Steven, just to be a little more clear, I’ll walk through an example where a sacrifice is potentially a “good thing”. Since you linked the table, I have to assume that by “good thing” you would accept the definition of the Run Expectancy to be higher after the play than before it.

    So, back to one of my original examples:

    It’s the bottom of the ninth, with one out. Casilla on third, Tolbert on first, Nick Punto at the plate. Gardy calls a suicide squeeze. As of this moment the Run Expectancy, from your table, is 1.243.

    Now a couple things can happen, but since the squeeze is assumed to be a sacrifice play, lets stick to that first. Punto being Punto, he lays a bunt down the first base line runs his little heart out and of course make a flying head first slide into first base. The pitcher is on top of it, but its far enough up the line his only play is a flip to first base, just catching Nicky. Because both runners were going, they both advance and Casilla scores.

    So what is our Run Expectancy now? Well it’s now 2 outs with a man on second, so according to your table it’s 0.344. Now, it sounds to me like you’re saying “See, the Run Expectancy just dropped!” But I’d disagree and say, “Yep, but a run just scored. We just turned an *expected* run into a real one. Give Nicky some credit!” Since the “expected” run turned into a “real” run, I’d suggest adding the run back in. Adding the run back in would give this situation a value of 1.344. Since 1.344 is more than 1.243, I’d argue that the Twins situation “improved”.

    So then you’d respond, “Yeah but Punto should have tried for a hit!” OK, fine. Same situation, but this time Nicky hits a bloop single. Both runners advance, Casilla scores. After the play, we have runners and first and second and still only one out, so the Run Expectancy is 0.971.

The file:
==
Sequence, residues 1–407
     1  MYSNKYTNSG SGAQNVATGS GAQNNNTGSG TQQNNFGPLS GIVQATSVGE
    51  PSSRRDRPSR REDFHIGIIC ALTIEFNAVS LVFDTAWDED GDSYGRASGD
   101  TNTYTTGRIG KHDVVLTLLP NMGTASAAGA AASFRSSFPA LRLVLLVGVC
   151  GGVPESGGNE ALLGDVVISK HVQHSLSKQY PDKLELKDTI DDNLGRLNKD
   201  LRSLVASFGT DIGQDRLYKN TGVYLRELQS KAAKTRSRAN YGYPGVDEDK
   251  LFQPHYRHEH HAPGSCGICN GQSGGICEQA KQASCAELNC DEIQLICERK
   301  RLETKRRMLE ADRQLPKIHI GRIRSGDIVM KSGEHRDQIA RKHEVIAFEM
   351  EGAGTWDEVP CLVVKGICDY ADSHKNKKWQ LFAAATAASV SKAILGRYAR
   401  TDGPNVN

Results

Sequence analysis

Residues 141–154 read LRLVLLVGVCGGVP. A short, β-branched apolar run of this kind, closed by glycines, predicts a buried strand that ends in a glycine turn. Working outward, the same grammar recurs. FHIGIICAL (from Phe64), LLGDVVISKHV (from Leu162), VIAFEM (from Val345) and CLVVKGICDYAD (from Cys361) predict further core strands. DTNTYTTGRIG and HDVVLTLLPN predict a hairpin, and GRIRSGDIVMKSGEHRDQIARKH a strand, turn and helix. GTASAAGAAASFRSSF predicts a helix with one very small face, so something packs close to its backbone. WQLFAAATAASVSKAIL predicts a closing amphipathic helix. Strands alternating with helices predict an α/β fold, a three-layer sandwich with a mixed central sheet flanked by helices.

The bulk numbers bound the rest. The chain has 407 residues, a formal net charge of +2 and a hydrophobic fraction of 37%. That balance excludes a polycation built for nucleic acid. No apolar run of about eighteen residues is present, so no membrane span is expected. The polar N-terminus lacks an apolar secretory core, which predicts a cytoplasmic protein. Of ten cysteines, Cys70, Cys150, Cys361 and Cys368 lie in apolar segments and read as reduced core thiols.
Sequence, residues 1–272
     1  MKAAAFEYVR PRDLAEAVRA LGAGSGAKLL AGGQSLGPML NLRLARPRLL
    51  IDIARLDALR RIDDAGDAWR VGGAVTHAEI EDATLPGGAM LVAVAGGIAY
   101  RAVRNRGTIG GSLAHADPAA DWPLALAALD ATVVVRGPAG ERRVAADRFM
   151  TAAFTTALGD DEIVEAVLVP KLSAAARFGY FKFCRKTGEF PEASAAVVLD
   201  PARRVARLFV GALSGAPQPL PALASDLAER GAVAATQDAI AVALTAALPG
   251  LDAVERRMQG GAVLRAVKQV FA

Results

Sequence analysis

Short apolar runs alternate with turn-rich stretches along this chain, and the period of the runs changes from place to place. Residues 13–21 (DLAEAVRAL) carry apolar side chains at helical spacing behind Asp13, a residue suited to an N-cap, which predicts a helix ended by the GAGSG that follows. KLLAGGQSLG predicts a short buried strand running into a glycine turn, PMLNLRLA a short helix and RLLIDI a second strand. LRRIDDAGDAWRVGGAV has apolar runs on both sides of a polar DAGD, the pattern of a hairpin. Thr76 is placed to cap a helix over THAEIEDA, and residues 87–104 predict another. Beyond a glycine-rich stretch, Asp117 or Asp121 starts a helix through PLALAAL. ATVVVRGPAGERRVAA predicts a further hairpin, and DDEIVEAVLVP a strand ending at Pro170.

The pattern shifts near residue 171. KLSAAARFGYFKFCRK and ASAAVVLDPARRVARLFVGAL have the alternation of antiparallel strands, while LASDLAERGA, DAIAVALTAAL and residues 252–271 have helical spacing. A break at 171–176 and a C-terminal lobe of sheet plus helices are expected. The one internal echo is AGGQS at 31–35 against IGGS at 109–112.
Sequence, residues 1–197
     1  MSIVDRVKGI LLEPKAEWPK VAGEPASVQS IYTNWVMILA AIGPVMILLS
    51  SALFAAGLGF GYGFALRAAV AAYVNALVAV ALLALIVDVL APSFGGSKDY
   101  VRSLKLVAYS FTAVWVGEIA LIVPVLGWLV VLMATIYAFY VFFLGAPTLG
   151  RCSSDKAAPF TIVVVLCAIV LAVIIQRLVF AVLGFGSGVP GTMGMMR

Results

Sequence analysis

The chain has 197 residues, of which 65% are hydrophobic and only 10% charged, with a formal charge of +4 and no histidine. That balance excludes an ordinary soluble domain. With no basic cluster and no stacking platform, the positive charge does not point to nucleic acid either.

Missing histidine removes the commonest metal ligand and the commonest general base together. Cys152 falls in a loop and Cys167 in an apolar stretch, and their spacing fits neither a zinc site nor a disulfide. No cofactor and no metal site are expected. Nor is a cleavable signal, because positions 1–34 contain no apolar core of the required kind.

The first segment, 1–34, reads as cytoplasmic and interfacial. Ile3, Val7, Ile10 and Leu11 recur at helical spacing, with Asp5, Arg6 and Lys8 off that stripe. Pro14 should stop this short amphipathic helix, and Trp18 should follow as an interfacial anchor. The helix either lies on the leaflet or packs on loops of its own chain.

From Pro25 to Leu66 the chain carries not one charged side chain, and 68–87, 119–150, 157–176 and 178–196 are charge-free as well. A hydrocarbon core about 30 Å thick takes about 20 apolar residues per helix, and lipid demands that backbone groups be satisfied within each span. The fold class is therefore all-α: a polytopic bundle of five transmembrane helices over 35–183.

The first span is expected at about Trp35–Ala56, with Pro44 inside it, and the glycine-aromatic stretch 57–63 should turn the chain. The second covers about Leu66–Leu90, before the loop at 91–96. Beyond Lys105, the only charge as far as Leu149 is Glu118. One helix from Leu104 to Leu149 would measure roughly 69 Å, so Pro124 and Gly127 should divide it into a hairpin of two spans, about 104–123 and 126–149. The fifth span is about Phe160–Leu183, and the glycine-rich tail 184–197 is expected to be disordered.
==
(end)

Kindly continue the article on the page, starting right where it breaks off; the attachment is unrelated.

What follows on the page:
Wait, what? Using the rules from above, 0.971 is less than 1.243 so the situation got *worse* by Nicky getting a hit? That doesn’t make sense! Let’s add that run back in to show that we turned an “expected” run into a “real” one again. Now, we get 1.971 which better represents what actually happened.

    Further, since 1.971 is more than 1.344, I’d agree it *is* better to get a hit than sacrifice. But here’s the rub, Nick has .228 batting average. So, 77% of the time he’s going to get an out!

    So now let’s see what happens if Nick grounds out in a way that the runners can’t advance. We still have runners on first and third, but now we have two outs, so the Run Expectancy plummets to 0.538!

    Sure, 1.971 is more than 1.344, but 1.344 is also quite a bit higher than 0.538.

    Gardy’s job is to increase the chance of runs scoring. Unless something goes catastrophically bad, running the squeeze isn’t going to be any worse than if Nicky swings away and can’t advance the runners. But the squeeze also has a chance of catastrophic success (Nicky beats the throw, which would look just like a hit).

    The fact is most of the time managers *do* swing away. About the only time they use the squeeze is in really close situations. When they swing away they have a chance of bigger rewards, but also bigger risks. I think we can argue that a sac bunt is a more controlled situation than a swing away. We can look it up, but I bet you get more double plays swinging away than on a sac bunt.

    So in the end, my answer is still “it depends”, but that’s a lot different than “never”.

    • Andrew Says:

      Ok, this is making sense to me now. However, (I’m sure Steven could say the same) the table clearly says that it’s the “expected” number of runs to score. Once that run scores, it’s no longer “expected,” so it can be ignored. I do see what you’re doing though, it’s basically a runs scored + runs expected sort of thing.

  8. TwinsFoghorn Says:

    And for Andrew’s sake, note that the runs aren’t carried on to later batters. In the example above, Punto “after” number is 1.344, but Span (the next batter) has a “before” number of 0.344.

  9. Research Revisions, Pt. 1 « Off The Mark Says:

    [...] Home, Part 1: An introduction to my research, with an explanation of assumptions that I made. 2. Send ‘Em Home, Part 2: The results for Twins hitters and their success rates of driving in runners in scoring position [...]